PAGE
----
The Outlook on Foreign Affairs [excerpt]
The Czar has come and seen and not exactly conquered;
in fact, Paris is not altogether delighted at having been ignored.
But there were good reasons for the omission of a Parisian visit.
The crime at Buffalo must have warned the Russian Court, and still
more the French police, of the danger of crowds; and the Nationalists
on the Paris Municipal Council would have done their best to “capture”
the Czar for their party or make trouble.
Honour and grief have been given their proper display
in the solemn funeral of President McKinley, and his successor has
taken up the reins of government. President Roosevelt’s first utterances
seem to show that he means to follow out the commercial policy announced
just before his death by the late President. The tragedy that followed
somewhat obscured the importance of that declaration. The author
of one of the most rigid protective tariffs ever devised said in
effect that rigid protection had had its day and the time was come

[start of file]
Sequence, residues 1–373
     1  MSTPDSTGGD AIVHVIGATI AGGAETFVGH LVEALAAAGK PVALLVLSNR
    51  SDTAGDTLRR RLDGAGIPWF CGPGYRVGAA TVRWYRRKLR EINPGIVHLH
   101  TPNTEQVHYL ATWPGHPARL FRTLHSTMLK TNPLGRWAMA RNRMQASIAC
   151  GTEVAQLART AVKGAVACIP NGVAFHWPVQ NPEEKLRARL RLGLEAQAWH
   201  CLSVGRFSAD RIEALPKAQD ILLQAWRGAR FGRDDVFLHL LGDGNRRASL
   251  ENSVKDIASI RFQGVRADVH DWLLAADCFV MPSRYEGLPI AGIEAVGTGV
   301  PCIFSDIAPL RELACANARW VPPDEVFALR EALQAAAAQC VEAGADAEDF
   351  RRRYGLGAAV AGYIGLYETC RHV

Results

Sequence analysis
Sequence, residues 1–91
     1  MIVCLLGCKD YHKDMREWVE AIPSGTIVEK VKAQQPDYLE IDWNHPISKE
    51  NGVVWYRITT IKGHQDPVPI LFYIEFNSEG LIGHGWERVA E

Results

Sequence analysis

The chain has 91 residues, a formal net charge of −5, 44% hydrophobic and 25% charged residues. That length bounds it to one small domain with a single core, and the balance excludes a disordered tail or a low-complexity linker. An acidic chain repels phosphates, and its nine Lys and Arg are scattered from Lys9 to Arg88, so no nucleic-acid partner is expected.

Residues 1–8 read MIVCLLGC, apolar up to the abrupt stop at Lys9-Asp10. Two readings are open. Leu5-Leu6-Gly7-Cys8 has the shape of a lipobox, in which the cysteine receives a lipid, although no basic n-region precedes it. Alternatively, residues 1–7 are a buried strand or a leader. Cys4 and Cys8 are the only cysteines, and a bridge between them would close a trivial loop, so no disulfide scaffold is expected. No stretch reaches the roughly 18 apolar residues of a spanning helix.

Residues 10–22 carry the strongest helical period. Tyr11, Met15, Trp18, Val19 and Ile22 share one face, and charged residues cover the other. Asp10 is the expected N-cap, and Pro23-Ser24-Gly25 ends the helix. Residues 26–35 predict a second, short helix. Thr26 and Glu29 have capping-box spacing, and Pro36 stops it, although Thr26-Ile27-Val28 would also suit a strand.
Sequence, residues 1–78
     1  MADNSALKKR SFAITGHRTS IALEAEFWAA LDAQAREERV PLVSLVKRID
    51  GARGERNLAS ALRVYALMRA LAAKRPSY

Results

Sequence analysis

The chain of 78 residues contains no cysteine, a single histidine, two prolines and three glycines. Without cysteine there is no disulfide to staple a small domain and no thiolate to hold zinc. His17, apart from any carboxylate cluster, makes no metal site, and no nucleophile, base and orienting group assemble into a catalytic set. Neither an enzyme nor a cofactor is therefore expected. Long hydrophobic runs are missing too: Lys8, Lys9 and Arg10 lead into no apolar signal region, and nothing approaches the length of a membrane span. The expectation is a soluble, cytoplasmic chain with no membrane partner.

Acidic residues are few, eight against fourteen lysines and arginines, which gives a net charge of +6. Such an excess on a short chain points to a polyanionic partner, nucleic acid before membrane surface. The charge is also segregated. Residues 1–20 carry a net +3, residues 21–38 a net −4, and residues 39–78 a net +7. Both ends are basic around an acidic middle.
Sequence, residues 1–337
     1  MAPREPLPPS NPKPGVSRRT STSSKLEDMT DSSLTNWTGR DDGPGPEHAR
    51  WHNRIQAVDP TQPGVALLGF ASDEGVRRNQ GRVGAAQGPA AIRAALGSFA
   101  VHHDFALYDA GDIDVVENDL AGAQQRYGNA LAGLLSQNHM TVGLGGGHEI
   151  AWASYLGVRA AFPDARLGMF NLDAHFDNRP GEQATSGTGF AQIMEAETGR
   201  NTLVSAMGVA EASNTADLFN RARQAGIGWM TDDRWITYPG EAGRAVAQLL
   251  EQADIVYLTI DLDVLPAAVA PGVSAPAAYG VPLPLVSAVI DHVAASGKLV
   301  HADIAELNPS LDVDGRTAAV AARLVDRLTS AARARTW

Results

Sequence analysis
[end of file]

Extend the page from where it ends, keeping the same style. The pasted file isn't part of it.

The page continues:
for reciprocity. He had realised that American industry had outgrown
the supports of an exclusive tariff, and that no nation can export
without importing as well, unless it takes the world in pawn or
accumulates useless gold. Now a world in pawn to one state would
probably repudiate the liability, and the one state could not enforce
the obligation. Therefore reciprocity must replace exclusion.
President Roosevelt is likely to go more heartily
than his predecessor into the negotiation of reciprocity treaties.
He has never been personally identified with protectionism as was
Mr. McKinley, and his attitude towards the great trusts built up
under the shadow of the tariffs has been one of hostility. It will
be impossible for the party press of the United States to represent
him as the henchman of the capitalists with any probability. A jingo
he will be called, no doubt, but he has seen war and made war, and
that should be enough to make any intelligent man peaceful.